Depression refers in the medical setting to clinically significant but transient emotional states which are called adjustment disorders and also to a clinical syndrome called major depression which occurs in unipolar depressive disorder and bipolar disorders. Confusion of adjustment disorders with depressive syndromes plagues both medical care and reasoning about mechanisms. Once identified, mood disorders (unipolar and bipolar disorders) are treated quite successfully with any of several medications and/or psychotherapy. The pathophysiology of mood disorders remains obscure, but clues are emerging as to the neuroanatomic components, molecular systems and genes involved in the vulnerability to mood disorder. The cumulative effect of these developments on a number of scientific fronts will be to unravel the complex knot of etiologic factors, leading to the refinement of current empirical treatment and the development of rational treatment. When we can identify the mechanisms of mood disorder, we will also gain an improved perspective from which to understand the role of environmental factors in the development of depressive and manic disorders.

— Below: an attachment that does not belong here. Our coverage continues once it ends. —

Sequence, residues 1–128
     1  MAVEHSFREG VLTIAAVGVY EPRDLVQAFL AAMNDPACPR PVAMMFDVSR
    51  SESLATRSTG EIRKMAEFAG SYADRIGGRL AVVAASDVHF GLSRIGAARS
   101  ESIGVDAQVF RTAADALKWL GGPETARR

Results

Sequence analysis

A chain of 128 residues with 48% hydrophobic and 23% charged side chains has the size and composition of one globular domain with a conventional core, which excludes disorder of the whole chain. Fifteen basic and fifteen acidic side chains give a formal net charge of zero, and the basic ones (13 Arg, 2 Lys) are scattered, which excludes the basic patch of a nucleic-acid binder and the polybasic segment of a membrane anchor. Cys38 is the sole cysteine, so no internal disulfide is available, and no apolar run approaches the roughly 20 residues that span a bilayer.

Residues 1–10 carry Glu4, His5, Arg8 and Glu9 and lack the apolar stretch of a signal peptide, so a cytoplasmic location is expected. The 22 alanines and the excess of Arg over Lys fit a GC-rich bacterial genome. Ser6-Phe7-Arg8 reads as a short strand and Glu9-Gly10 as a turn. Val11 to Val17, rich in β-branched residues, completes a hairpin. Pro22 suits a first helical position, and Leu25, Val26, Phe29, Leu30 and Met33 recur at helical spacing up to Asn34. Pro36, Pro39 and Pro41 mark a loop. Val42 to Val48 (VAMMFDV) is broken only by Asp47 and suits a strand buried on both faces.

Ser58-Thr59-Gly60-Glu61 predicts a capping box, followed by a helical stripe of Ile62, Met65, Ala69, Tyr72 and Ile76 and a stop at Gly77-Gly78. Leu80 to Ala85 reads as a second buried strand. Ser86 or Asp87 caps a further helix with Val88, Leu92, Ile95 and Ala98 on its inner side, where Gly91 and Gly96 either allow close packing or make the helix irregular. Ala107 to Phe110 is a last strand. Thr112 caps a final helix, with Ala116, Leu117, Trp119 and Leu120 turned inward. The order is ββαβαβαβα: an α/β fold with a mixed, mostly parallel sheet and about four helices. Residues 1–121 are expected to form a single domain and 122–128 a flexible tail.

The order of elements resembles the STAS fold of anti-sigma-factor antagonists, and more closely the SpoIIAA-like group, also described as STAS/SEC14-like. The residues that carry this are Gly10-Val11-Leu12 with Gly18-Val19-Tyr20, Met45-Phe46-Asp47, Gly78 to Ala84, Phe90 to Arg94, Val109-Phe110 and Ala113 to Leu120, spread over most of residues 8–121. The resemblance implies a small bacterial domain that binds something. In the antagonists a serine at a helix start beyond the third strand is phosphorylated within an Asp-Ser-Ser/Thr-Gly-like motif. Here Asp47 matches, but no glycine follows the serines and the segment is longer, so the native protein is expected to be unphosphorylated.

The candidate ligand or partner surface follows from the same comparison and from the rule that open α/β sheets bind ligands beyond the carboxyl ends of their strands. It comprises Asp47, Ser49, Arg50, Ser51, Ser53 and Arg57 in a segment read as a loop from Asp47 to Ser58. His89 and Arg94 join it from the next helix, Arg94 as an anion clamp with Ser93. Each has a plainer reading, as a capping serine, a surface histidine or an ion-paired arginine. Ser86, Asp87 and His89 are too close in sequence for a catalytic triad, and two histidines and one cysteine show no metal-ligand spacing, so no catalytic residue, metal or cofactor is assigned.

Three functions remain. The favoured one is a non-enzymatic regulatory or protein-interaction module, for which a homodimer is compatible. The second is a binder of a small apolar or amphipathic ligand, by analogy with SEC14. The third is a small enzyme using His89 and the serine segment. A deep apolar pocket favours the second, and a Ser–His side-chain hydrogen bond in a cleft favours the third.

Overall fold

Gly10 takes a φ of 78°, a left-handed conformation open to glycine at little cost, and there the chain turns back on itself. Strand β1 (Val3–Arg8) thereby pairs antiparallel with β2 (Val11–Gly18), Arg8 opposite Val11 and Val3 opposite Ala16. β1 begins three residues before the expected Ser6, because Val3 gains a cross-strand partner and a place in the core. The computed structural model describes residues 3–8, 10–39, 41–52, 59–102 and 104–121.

In the official diagnostic nomenclature of American psychiatry a transition from the term ‘affective disorders’ to ‘mood disorders’ was made in 1987, though the diagnostic criteria for major depression and mania did not change appreciably. We use the term mood to denote a persistent emotional state, and affect or affective to refer to a constellation of phenomena generally associated with and including mood. We will use the term depression, hereafter, only to denote the syndrome of depressive illness.
Mood disorders are among the most common illnesses in the community and in the medical clinic. Depression, in avariety of community samples worldwide, affects as many as one in six individuals in the course of a lifetime (Doris et al., 1999). Mania occurs in 1–2% of the population. Ten to twenty per cent of patients screened in a primary care clinic have a major depressive disorder (Zung et al., 1993); depression was found in over one-quarter of patients in a neurology practice (Carson et al., 2000). Mania is less often a presenting problem for non-psychiatric physicians, but can occur as an iatrogenic complication from the use of antidepressants (Benazzi, 1997), corticosteroids (Sharfstein et al., 1982), or psychostimulants (Masand et al., 1995). Moreover, a number of medical conditions are associated with the syndromes of mania and depression, as will be described below.